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Film Review: Gagarine
by Shelly Schoeneshoefer

Fanny Liatard, Jérémy Trouilh France 2020

It’s rare to dedicate a film to a housing project, but directors Fanny Liatard and Jérémy Trouilh grew up in the Cité Gagarine in Ivry-sur-Seine, France, and wanted to recapture their once-lively community. Cité Gagarine was built by the French Communist Party between 1961 and 1963 to commemorate the Soviet cosmonaut, Yuri Gagarin, the first human in space and who attended the Cité Gagarine dedication in 1963.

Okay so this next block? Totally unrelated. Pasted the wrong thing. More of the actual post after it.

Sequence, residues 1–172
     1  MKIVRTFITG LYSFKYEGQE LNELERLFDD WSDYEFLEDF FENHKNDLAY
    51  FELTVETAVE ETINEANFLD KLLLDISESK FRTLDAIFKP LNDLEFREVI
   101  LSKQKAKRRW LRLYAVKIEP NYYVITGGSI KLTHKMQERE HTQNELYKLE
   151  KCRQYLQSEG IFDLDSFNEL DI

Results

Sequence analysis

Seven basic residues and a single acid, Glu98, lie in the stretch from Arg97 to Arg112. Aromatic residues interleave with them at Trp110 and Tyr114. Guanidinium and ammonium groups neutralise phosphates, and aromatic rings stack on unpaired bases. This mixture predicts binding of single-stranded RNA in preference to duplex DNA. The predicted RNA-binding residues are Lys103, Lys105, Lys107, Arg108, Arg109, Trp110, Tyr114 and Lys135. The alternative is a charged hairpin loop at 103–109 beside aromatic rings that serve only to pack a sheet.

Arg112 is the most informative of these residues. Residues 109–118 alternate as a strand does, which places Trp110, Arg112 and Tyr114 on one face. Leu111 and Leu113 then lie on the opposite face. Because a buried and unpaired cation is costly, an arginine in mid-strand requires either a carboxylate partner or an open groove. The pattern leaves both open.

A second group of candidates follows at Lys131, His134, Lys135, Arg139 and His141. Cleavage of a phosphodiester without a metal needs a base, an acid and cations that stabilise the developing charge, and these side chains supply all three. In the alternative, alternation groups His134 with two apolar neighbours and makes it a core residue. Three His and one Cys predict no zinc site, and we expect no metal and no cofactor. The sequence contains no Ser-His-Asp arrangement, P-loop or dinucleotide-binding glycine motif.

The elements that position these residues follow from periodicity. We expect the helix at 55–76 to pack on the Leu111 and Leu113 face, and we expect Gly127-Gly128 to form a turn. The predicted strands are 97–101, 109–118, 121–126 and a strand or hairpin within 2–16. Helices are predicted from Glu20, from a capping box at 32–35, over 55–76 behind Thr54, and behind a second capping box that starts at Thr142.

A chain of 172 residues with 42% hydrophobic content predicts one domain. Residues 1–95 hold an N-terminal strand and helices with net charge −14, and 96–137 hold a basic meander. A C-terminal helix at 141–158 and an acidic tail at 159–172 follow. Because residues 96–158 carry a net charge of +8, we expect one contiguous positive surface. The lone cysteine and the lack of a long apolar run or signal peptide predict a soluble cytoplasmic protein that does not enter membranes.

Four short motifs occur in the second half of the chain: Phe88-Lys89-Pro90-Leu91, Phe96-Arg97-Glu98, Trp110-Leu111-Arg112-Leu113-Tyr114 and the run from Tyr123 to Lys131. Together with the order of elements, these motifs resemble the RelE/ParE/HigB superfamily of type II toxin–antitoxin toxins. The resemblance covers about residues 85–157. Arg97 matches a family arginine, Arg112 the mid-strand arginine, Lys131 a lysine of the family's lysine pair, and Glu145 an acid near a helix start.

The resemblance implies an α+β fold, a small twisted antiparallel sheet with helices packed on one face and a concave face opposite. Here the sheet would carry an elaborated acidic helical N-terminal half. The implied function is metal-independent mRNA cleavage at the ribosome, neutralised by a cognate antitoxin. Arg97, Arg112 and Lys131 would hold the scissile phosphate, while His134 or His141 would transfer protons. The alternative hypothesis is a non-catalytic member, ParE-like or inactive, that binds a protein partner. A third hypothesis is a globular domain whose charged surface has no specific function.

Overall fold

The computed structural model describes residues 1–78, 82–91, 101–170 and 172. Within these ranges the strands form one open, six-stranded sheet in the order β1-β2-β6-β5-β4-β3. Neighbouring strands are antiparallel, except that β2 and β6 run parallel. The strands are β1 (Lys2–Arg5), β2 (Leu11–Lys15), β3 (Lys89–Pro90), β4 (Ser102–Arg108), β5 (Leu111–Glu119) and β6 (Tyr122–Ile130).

By 2019, Cité Gagarine was truly a center of integration, where people from different cultures, religions and backgrounds lived together, never imagining having to leave their homes. The 16-year-old Yuri (Alséni Bathily), who is deeply committed to Cité Gagarine, has himself dreaming of orbiting in outer space. Yuri takes us through a dreamy atmosphere of revolving planets with starry skies and a kaleidoscope of colors, all poetically woven using archival footage. These surreal sequences are interspersed with moments of the present. Well integrated, Yuri is also respected in his concrete housing block. Yet his past haunts him: we see glimmers of this, where his mother’s inability to manage her new life in France and care for Yuri leads her to abandon him. With strong connections and the help of friends and neighbors, Yuri fights to rescue the buildings, but in the end must reconcile with the fact of government intentions to demolish these buildings and that he has nowhere to go. Using his extraordinary skills, he begins to build a spaceship within the walls, while the others are all searching for new places to live. We travel with him on a magical voyage filled with both laughter and bittersweet sadness. Alséni Bathily’s performance is uplifting – and perhaps we, too, are filled with false hopes that this pandemic crisis will vanish quickly.